Lyman Alpha Mapping Project

LAMP Reveals Lunar Surface Features

New maps produced by the Lyman Alpha Mapping Project aboard NASA’s Lunar Reconnaissance Orbiter reveal features at the Moon’s northern and southern poles in regions that lie in perpetual darkness. LAMP, developed by Southwest Research Institute, uses a novel method to peer into these so-called permanently shadowed regions (PSRs), making visible the invisible. The LAMP maps show that many PSRs are darker at far-ultraviolet wavelengths and redder than nearby surface areas that receive sunlight. The darker regions are consistent with large surface porosities, indicating “fluffy” soils, while the reddening is consistent with the presence of water frost on the surface.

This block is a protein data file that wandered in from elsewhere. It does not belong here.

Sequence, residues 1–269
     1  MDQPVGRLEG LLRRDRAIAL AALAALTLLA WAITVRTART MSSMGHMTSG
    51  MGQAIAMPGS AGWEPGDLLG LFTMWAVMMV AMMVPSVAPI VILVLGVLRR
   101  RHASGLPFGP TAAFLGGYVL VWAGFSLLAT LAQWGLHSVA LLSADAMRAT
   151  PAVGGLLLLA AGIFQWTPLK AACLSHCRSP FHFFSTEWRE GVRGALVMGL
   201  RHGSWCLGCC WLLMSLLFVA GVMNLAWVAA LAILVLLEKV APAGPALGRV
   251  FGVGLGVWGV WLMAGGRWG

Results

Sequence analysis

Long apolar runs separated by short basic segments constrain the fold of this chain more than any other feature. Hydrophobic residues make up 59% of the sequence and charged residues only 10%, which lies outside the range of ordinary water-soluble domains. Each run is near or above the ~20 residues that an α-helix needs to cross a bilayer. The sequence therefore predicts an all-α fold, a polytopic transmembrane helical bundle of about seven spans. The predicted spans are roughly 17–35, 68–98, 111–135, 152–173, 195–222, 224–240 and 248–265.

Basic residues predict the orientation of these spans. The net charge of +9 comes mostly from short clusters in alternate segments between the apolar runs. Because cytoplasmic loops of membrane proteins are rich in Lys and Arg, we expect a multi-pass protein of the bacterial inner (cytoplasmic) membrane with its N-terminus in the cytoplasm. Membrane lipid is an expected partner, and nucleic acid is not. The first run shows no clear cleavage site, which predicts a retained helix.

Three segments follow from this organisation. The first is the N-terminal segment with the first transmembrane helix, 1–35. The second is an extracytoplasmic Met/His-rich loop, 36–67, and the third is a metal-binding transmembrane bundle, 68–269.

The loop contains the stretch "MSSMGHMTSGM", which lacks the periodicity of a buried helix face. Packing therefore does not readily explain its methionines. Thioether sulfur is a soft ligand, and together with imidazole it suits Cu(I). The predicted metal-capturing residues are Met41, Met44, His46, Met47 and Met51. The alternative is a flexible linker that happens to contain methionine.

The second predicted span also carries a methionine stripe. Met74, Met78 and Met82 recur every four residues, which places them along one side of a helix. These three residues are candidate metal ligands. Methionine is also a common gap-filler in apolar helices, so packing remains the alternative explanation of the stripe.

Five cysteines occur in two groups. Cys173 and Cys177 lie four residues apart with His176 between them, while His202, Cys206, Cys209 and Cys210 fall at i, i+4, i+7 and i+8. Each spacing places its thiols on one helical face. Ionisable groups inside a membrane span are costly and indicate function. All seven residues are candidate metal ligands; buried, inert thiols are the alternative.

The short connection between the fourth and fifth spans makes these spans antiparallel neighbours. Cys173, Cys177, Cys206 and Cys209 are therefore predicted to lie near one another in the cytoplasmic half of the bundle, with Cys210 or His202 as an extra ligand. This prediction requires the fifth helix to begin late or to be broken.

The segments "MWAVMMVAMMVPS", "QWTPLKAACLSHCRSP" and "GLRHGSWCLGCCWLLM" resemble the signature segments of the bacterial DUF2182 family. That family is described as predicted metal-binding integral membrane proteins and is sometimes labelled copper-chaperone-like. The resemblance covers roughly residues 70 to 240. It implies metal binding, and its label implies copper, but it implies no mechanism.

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The Water of Lunar Magma

NASAs researchers has measured for the first time water from the moon in the form of tiny globules of molten rock which have turned to glass like material trapped within crystals This measurements show that the water content of lunar magma is 100 times higher than previous studies suggested. Water contents ranging from 615 to 1410 parts per million

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